The genetic program of pancreatic β-cell replication in vivo

Agnes Klochendler, Inbal Caspi, Noa Corem, Maya Moran, Oriel Friedlich, Sharona Elgavish, Yuval Nevo, Aharon Helman, Benjamin Glaser, Amir Eden, Shalev Itzkovitz, Yuval Dor*

*Corresponding author for this work

Research output: Contribution to journalArticlepeer-review

58 Scopus citations


The molecular program underlying infrequent replication of pancreatic β-cells remains largely inaccessible. Using transgenic mice expressing green fluorescent protein in cycling cells, we sorted live, replicating β-cells and determined their transcriptome. Replicating β-cells upregulate hundreds of proliferation-related genes, along with many novel putative cell cycle components. Strikingly, genes involved in β-cell functions, namely, glucose sensing and insulin secretion, were repressed. Further studies using single-molecule RNA in situ hybridization revealed that in fact, replicating β-cells double the amount of RNA for most genes, but this upregulation excludes genes involved in β-cell function. These data suggest that the quiescence-proliferation transition involves global amplification of gene expression, except for a subset of tissue-specific genes, which are "left behind" and whose relative mRNA amount decreases. Our work provides a unique resource for the study of replicating β-cells in vivo.

Original languageAmerican English
Pages (from-to)2081-2093
Number of pages13
Issue number7
StatePublished - 1 Jul 2016

Bibliographical note

Funding Information:
This study was supported by grants from JDRF, Beta Cell Biology Consortium/Human Islet Research Network, the Leona M. and Harry B. Helmsley Charitable Trust, the European Research Commission (ERC consolidator grant), the European Union Seventh Framework Programme (241883), the Britain Israel Research and Academic Exchange Partnership (BIRAX), the Diabetes Onderzoek Nederland (DON) Foundation, the Israel Science Foundation and I-CORE Program of The Israel Science Foundation #41.11, the European Research Council (BetaToBeta), the National Institute of Diabetes and Digestive and Kidney Diseases, and the Alex U. Soyka Pancreatic Cancer Research Program (to Y.D.). A.H. was supported by a postdoctoral fellowship from JDRF. A.E. was supported by the Israel Science Foundation (grant 1361/14). This study was also supported in part by a grant from the United States Agency for International Development's American Schools and Hospitals Abroad Program for the upgrading of the Hebrew University Medical School Flow Cytometry Laboratory.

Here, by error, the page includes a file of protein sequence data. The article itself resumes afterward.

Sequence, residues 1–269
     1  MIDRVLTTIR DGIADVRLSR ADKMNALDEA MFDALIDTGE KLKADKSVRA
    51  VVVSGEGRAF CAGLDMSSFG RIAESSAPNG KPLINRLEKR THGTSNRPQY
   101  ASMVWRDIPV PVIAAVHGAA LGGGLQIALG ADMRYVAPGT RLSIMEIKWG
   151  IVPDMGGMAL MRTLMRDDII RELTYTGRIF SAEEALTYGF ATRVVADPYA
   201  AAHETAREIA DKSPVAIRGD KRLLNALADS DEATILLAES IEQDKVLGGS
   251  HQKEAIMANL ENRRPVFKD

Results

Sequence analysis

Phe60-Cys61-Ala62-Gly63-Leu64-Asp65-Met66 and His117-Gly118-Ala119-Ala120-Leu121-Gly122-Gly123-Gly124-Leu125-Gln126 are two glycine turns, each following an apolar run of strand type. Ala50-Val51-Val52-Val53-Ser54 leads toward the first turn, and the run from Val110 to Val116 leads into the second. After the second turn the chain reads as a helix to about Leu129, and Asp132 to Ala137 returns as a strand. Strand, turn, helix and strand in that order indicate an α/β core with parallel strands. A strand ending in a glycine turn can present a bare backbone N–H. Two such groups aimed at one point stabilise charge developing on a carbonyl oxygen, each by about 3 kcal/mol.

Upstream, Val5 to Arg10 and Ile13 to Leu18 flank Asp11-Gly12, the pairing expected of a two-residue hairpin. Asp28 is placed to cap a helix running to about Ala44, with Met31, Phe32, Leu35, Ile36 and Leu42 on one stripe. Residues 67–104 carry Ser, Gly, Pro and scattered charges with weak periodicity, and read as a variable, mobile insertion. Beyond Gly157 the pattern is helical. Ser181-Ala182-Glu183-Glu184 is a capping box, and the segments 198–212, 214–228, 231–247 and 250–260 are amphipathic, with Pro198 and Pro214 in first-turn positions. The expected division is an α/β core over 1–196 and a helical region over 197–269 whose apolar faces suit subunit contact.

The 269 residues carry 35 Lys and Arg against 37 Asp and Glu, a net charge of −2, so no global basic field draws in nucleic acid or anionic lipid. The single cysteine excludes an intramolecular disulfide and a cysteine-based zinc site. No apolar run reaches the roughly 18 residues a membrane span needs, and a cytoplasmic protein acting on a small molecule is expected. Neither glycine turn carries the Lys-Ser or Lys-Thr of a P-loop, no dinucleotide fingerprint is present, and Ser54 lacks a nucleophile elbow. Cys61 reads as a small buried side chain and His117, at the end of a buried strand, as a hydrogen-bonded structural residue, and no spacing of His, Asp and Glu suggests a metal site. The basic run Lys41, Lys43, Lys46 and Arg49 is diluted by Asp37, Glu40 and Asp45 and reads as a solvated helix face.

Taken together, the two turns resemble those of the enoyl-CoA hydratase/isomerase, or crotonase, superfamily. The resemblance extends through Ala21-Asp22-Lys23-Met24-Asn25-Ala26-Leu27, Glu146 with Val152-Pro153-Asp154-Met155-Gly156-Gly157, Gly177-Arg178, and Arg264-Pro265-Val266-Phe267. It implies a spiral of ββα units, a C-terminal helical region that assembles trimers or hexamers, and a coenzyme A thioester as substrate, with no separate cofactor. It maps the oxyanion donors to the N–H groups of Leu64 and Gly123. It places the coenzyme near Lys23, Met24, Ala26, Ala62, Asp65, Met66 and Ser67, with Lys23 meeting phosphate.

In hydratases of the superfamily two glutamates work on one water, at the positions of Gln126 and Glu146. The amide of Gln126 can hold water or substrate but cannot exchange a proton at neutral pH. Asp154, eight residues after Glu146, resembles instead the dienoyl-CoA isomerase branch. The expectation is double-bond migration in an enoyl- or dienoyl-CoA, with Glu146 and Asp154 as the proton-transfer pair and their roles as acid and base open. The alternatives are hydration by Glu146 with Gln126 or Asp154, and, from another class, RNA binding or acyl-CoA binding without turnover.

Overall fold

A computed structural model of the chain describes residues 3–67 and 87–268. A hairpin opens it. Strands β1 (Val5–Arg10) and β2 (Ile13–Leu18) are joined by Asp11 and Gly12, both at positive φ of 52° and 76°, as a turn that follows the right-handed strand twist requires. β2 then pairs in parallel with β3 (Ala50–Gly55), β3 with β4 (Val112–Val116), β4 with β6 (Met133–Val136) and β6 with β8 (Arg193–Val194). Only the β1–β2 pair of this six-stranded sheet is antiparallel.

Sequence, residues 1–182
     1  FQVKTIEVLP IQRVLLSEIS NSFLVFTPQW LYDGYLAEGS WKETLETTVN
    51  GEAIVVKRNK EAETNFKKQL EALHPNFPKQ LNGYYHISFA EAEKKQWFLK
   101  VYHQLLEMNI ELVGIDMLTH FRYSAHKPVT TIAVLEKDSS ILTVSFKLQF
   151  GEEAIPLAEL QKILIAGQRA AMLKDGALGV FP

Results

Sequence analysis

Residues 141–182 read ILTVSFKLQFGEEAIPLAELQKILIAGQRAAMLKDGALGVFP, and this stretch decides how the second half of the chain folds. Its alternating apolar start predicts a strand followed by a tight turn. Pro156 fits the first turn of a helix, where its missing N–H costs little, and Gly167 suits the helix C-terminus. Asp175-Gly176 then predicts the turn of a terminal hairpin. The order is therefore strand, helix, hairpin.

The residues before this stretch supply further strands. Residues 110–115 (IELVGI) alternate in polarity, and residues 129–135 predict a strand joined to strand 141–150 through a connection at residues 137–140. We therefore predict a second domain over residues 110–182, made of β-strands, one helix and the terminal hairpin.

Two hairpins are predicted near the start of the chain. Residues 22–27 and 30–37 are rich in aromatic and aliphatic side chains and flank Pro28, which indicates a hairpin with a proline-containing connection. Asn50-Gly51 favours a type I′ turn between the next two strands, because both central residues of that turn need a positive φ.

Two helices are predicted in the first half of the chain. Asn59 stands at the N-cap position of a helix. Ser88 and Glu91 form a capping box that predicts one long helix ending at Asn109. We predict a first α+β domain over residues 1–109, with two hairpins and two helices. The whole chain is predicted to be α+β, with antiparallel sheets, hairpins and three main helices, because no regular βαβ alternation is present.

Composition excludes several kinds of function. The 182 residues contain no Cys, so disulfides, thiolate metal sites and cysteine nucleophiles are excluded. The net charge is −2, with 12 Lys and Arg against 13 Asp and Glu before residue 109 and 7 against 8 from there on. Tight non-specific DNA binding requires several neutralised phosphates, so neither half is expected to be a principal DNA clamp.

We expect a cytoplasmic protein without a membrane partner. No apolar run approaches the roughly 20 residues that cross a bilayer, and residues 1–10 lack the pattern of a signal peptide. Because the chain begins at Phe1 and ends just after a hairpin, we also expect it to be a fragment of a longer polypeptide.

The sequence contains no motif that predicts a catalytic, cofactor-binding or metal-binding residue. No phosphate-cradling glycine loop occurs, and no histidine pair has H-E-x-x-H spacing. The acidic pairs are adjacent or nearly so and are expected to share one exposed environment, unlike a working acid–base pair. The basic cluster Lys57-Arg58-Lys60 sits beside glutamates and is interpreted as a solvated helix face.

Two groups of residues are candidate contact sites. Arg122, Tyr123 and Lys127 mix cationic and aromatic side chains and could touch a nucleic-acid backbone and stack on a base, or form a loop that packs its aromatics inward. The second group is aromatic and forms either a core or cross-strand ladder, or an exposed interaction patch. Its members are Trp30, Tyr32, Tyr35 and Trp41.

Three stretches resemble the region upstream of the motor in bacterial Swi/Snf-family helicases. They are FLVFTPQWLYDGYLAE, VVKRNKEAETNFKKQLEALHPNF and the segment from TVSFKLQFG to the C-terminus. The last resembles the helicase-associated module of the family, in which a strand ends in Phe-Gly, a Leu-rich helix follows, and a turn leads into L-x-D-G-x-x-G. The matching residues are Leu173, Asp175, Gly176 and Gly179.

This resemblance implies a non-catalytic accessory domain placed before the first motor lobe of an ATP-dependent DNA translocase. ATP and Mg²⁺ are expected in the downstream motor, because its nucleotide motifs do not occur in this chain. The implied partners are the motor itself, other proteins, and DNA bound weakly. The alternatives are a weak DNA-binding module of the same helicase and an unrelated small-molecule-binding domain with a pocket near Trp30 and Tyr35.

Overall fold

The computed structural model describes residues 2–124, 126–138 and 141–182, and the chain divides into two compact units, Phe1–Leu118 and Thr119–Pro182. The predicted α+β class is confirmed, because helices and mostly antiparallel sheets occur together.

Publisher Copyright:
© 2016 by the American Diabetes Association.


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